How to Grow Lingonberry (Vaccinium vitis-idaea)
Vaccinium vitis-idaea, otherwise known as the lingonberry or cowberry, is a native of the very far northern areas of the world, including Scandinavia where its fruit has been traditionally used in jams, sauces, juices, liqueurs and even vodka.
A wild plant, its berries have been collected and are much sought after, but in recent times commercial cultivation has commenced, specifically in the Northern western Pacific areas of America, and the lingonberry is now a welcome addition to many gardens.
A low growing plant, the lingonberry only reaches up to 20" in height, and produces clusters of pretty pale pink to white bell-shaped flowers in the spring, which by autumn have turned into the small red berries that are picked.
The other names of the lingonberry include csejka berry, foxberry, quailberry, beaverberry, mountain cranberry, red whortleberry, bearberry, lowbush cranberry, cougarberry, mountain bilberry, partridgeberry and redberry, depending on the region where they grow.
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It's accepted Latin name is quite a mouthful.
The "vaccinium" in its name relates to cows (hence the name cowberry)m while "vitis" is Latin for vine and "idaea" refers to raspberries whose Latin name is Rubus idaeaus.
The name Lingonberry is derived from the Swedish name for the berry - "Lingon".
Latin names are important to plants, because while local names may change according to the language spoken, the Latin name remains constant, no matter which country you are in, in the world.
This saves getting one species of plant confused with another.
There are two known subspecies of Vaccinium vitis-idaea.
- Vaccinium vitis-idaea minus - native of North America where it is commonly known as the lingonberry. It flowers once a year in spring and has slightly larger leaves.
- Vaccinium vitis-idaea majus - native of Eurasia (Europe and Asia) which flowers twice a year. This is the type most commonly found in nurseries and are often sold under the names of cowberry or foxberry. The first flush of blooms may be affected by a late frost, but the second summer flowering will ensure plenty berries will ripen in the autumn.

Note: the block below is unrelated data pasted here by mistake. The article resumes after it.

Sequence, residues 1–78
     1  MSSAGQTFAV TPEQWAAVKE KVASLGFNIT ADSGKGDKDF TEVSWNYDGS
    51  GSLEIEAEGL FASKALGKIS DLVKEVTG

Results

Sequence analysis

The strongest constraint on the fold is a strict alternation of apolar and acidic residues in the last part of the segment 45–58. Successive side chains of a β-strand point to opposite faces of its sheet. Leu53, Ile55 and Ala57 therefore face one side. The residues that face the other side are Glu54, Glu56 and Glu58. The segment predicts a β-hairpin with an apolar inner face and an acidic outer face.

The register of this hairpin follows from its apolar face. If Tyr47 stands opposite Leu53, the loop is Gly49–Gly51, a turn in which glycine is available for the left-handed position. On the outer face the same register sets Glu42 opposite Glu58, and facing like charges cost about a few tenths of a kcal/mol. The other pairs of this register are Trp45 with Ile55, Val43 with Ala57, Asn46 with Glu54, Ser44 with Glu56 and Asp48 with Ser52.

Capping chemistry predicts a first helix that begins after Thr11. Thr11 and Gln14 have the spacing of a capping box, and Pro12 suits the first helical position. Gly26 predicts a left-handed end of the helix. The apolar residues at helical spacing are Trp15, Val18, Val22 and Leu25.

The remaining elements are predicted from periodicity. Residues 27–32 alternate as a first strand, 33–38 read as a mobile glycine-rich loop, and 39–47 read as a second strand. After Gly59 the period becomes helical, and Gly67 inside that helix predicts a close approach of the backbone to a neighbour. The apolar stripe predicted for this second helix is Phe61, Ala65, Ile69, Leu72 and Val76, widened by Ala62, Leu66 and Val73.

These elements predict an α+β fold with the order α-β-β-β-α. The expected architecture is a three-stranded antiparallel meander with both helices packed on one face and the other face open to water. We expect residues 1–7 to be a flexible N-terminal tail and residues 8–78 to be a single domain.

Where can Lingonberries grow?
Lingonberries need a harsh winter in order to survive, so they really cannot be grown in the warmer climates of the world.
They can survive winter temperatures of -40oF (-40oC) but fare badly under hot summer suns.
They hate alkaline soils, but grow well in acidic and moist soils, so areas of high rainfall are preferable.
The lingonberry is suitable to grow in borders beneath the canopy of trees or taller plants, as they tolerate shade well.
How to propagate Lingonberries?
Lingonberries send out underground shoots that readily form roots, and send up new sprouts. In this way, your lingonberry bush can spread readily.
To propagate new plants, simply cut off one of those rooted underground stems and replant. This is best done in the autumn as the plant is ready to enter its period of dormancy.
It will take 2 or 3 years for each new plant to begin cropping profusely.
Lingonberry bushes are evergreen, and so will not drop its leaves in winter, unlike most other low-growing fruit bushes.
They survive quite happily under a blanket of winter snow.
What do Lingonberries taste like?
The Lingonberry is slightly tart, even when fully ripe, and is very similar to a smaller version of the cranberry.
They can be cooked in exactly the same way you prepare cranberries, and served up as an accompaniment to venison and poultry, the same as cranberries.
Added sugar when cooking lingonberries will sweeten them up and improve their taste.
When refrigerated, fresh Lingonberries can keep for three weeks, or they can be frozen for use in the kitchen throughout the year.
Their flavor is distinctive and quite different from cranberries, which are from the same Vaccinium family.
While each plant is self-pollinating, allowing the cross-pollination of different plants will produce bigger fruit, each with its own distinctive taste.
Health Benefits of Lingonberry
Lingonberries contain plenty of vitamins A, B (1,2 and 3) and C as well as essential elements calcium, magnesium, phosphorus and potassium, and are rich in healthy omega-3 fatty acids.
They have been traditionally used in folk medicine to;
- stop bleeding
- increase appetite
- improve digestion
- prevent fluid retention
- cure urinary tract infections
- detoxify the body
and have been used invariably in medications to treat breast cancer, diabetes and rheumatism.